Amiodarone is powerful heart medication with many toxic side effects. It can cause severe damage to the optic nerve, which can result in vision loss or permanent blindness.
What is the problem?
Wyeth Pharmaceuticals is accused of promoting amiodarone as a first-line treatment for atrial fibrillation, a common irregular heart rhythm that affects millions of Americans, despite severe toxicity.
Amiodarone and Vision Loss
Amiodarone is directly toxic to the optic nerve. Around 2% of users develop vision loss and up to 5% develop “halo vision.” Some victims go permanently blind. Around 90% of patients develop corneal deposits, which do not usually lead to vision loss, but some users may see “halos” or colored rings around lights.
What is Optic Neuropathy?
Vision problems associated with amiodarone are often diagnosed as optic neuropathy or neuritis, which causes progressive degeneration over several months. The optic nerve becomes swollen and inflamed, which can damage nerve fibers and cause short-term or long-term vision loss.
Symptoms of Vision Problems
- Pain when you move the eye
- Decreased peripheral vision
- Blurry vision
- “Halo” or colored rings around lights
- Loss of vision in one or both eyes
- Changes in the way the pupil reacts to bright light
- Loss of color vision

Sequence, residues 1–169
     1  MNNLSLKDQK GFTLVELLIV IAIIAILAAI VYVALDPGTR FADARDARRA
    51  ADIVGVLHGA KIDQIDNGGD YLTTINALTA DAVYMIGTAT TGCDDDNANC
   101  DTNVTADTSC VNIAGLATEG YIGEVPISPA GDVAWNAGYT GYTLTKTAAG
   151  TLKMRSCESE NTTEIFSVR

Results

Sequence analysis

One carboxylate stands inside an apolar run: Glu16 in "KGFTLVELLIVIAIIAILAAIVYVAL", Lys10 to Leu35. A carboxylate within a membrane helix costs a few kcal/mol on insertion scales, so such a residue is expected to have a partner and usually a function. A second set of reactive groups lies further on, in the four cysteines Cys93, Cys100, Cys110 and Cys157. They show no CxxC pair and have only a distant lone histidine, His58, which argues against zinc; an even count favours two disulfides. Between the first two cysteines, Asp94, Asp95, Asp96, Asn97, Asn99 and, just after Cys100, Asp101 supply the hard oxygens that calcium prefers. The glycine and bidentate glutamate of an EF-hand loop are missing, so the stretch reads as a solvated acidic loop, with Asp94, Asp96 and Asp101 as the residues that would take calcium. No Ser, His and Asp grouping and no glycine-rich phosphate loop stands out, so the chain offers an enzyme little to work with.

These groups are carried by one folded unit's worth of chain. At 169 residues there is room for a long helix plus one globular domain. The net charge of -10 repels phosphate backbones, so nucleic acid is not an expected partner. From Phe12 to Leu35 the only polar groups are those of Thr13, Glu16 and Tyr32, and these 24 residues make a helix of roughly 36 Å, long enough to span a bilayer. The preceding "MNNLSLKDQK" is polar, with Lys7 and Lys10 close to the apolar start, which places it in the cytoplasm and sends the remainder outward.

- Optic disc swelling
Case Reports of Amiodarone and Optic Neuropathy
In May 2013, the American Journal of Medicine published a review of nearly 300 cases of amiodarone-induced optic neuropathy.
On average, patients took amiodarone for 9 months before developing vision loss. After discontinuing amiodarone, 58% had improvements in vision, 21% were unchanged, and 21% had further vision loss. Legal blindness in at least one eye occurred in 20% of patients.
FDA Warning: Amiodarone Toxicity
The FDA has asked Wyeth to curb “off-label” ads, but amiodarone remains the most commonly-prescribed anti-arrhythmic drug in the United States. The label has a “Black Box” warning about lung toxicity and other severe side effects, but it does not include warnings about blindness. A growing number of lawsuits have been filed by people who say they were not warned about side effects.